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California conservation projects in new USDA Regional Conservation Partnership Program


Agriculture Secretary Tom Vilsack has announced that 115 high-impact projects across all 50 states and the Commonwealth of Puerto Rico will receive more than $370 million in federal funding as part of the new USDA Regional Conservation Partnership Program (RCPP).  In addition, these projects will leverage an estimated $400 million more in partner contributions—for a total of nearly $800 million—to improve the nation’s water quality, support wildlife habitat and enhance the environment.  Vilsack made the announcement near Phoenix, where the new program will invest in a project with five local partners to clean and conserve water along the Verde River, a tributary of the Colorado River.

“This is an entirely new approach to conservation efforts,” said Secretary Vilsack. “These partnerships empower communities to set priorities and lead the way on conservation efforts important for their region. They also encourage private sector investment so we can make an impact that’s well beyond what the Federal government could accomplish on its own.”

The RCPP competitively awards funds to conservation projects designed by local partners specifically for their region. Eligible partners include private companies, universities, non-profit organizations, local and tribal governments and others joining with agricultural and conservation organizations and producers to invest money, manpower and materials to their proposed initiatives.

Through the RCPP, partners propose conservation projects to improve soil health, water quality and water use efficiency, wildlife habitat, and other related natural resources on private lands.

Four of the selected projects are connected to California:

1) Expansion of Waterbird Habitat – The current sequence of events for rice production creates a situation where birds are frequently left with abrupt changes in habitat availability. The proposal extends the “watering” season of flooded rice fields beyond just the production phase and adds shallow water habitat in the winter/spring and fall months. This proposal supports the California Rice Commission in expanding the Waterbird Habitat Enhancement Program (WHEP) by 50 percent, thus enhancing the wildlife value of 165,000 acres of rice and the long term sustainability of rice agriculture.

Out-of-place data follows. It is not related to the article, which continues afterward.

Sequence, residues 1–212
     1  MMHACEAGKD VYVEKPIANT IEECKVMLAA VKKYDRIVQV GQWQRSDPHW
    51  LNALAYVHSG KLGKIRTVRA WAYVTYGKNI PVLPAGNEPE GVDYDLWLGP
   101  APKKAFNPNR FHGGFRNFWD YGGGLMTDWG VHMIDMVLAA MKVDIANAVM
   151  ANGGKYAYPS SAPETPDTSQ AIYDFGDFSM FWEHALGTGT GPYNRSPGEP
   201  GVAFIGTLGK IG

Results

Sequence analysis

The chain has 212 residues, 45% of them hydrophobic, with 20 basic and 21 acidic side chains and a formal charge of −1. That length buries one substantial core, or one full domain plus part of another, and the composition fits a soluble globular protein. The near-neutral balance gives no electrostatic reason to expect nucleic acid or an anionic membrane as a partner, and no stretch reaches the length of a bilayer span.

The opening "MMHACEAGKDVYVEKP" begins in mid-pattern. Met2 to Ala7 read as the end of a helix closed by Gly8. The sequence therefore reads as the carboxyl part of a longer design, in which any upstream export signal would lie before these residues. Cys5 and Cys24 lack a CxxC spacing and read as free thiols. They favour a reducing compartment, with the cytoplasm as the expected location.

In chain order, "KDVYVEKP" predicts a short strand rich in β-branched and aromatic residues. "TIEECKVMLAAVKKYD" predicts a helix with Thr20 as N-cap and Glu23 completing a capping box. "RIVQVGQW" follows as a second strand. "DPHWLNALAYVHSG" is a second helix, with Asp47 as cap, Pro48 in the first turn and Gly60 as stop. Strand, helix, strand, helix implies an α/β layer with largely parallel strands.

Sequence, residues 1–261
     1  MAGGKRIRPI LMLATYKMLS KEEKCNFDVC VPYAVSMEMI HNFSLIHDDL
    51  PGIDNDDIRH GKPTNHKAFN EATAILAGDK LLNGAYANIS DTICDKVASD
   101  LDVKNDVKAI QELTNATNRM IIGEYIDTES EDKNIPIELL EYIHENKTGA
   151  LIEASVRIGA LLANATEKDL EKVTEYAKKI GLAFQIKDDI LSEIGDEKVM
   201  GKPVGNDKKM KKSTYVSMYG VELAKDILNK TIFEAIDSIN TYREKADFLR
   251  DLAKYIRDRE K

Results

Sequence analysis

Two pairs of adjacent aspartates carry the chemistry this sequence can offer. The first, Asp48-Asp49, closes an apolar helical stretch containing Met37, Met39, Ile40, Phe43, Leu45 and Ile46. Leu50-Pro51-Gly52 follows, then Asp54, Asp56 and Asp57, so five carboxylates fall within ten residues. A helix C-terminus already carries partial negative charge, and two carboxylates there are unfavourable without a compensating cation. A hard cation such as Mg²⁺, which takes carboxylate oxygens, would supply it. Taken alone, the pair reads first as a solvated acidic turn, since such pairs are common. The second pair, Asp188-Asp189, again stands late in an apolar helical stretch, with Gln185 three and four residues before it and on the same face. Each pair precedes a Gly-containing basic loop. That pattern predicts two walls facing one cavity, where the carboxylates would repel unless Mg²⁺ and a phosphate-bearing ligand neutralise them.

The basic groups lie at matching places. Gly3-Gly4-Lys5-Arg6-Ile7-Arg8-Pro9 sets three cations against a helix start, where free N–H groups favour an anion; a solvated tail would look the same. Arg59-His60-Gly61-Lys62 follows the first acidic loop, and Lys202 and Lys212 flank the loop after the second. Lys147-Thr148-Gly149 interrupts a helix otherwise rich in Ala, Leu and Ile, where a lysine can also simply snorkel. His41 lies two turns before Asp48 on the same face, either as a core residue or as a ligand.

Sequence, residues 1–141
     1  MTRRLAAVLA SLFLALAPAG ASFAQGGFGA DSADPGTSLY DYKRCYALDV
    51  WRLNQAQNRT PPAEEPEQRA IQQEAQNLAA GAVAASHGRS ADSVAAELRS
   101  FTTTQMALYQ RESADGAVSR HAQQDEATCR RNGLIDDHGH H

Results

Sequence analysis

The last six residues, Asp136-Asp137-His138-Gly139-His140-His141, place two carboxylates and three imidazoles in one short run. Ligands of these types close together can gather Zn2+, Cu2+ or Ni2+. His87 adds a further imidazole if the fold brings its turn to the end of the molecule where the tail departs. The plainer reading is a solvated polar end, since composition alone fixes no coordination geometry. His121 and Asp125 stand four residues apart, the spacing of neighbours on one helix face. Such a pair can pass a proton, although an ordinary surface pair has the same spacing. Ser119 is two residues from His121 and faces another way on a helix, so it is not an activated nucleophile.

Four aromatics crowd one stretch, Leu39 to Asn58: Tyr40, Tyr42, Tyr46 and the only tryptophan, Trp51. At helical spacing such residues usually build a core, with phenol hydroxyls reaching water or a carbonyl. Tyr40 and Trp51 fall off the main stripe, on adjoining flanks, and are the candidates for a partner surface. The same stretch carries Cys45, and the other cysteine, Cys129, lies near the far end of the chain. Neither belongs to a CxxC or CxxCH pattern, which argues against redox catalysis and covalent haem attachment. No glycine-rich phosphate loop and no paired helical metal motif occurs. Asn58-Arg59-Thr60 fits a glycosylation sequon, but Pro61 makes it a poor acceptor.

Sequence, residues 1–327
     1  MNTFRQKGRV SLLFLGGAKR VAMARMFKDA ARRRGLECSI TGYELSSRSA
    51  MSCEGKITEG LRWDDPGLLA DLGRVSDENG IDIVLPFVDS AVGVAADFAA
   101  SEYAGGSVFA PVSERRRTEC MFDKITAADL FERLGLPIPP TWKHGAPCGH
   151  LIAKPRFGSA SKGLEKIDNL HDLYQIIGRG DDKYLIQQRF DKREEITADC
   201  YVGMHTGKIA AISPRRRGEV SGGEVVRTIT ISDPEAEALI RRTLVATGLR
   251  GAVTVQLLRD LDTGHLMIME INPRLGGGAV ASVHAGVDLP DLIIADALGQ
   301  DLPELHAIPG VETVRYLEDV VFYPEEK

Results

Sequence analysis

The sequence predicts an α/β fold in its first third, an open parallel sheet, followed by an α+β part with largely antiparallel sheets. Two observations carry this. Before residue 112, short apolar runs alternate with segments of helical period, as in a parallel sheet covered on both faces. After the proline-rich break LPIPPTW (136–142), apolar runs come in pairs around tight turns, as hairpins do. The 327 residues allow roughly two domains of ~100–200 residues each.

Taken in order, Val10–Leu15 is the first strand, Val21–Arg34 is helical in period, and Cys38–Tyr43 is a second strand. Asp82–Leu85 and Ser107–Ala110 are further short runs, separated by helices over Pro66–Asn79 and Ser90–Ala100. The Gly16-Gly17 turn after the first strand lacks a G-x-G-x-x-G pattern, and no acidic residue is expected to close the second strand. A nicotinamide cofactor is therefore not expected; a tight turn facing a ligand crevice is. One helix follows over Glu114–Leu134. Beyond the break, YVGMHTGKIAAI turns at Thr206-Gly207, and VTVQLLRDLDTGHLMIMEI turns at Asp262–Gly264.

2) Rice Stewardship Partnership – The Rice Stewardship Partnership, composed of Ducks Unlimited, the USA Rice Federation, and 44 collaborating partners, will assist up to 800 rice producers to address water quantity, water quality, and wildlife habitat across 380,000 acres in Mississippi, Arkansas, California, Louisiana, Missouri, and Texas.

3) Tricolored Blackbird Habitat – The Tricolored Blackbird once was abundant in California with a population in the millions. It now has an estimated 145,000 birds remaining statewide, and many predict that it is heading toward extinction. This proposal is a partnership between the dairy industry and conservation groups, with Audobon California as the lead partner, to address the factors that challenge California dairy farmers and threaten Tricolored Blackbirds, with the goal of finding a sustainable solution for management of colonies on farms and saving the Tricolored Blackbird from extinction.

4) Klamath-Rogue Woodland Health and Habitat Conservation – Many at-risk and listed species depend on quality oak woodlands that are threatened by conifer encroachment, densification, and severe wildfires in this project area, covering portions of Oregon and California. Working with landowners, including historically underserved producers, and using a sound, science-based approach, the partners will target 3,200 high-priority acres recently identified in a Conservation Implementation Strategy to preserve, enhance, and restore the structural diversity, ecological function, and overall health and persistence of oak habitats and their watersheds.

A complete list of the projects and their descriptions is available on the NRCS website.

Link to complete news release

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“Coins for Cans” highlights final days of Holiday Food Drive

CDFA employees Merry Wells, Debby Tanouye, Conor O'Brien and Jaime XXX rounding up donations of cash for "Coins for Cans." an initative marking the finals days of the California State Employees Food Drive, which will end on January 16. CDFA staffers at headquarters and the Gateway Oaks office donated XXXX, in addition to contributions earlier in the food drive. The goal is to raise 10 million pounds of food. We're close, but we need a final push this week to take us over the top.

CDFA employees Merry Wells, Debby Tanouye, Conor O’Brien and Jaime Robles rounding up donations of cash for “Coins for Cans,” an initiative marking the final days of the California State Employees Food Drive, which will end on January 16. Co-workers at CDFA headquarters and the Gateway Oaks office were asked for spare change and donated nearly $500, in addition to contributions made earlier in the food drive. The goal is to raise 10-thousand pounds of food. We need a big push this week to take us over the top! More information is available at the California State Employees Food Drive web site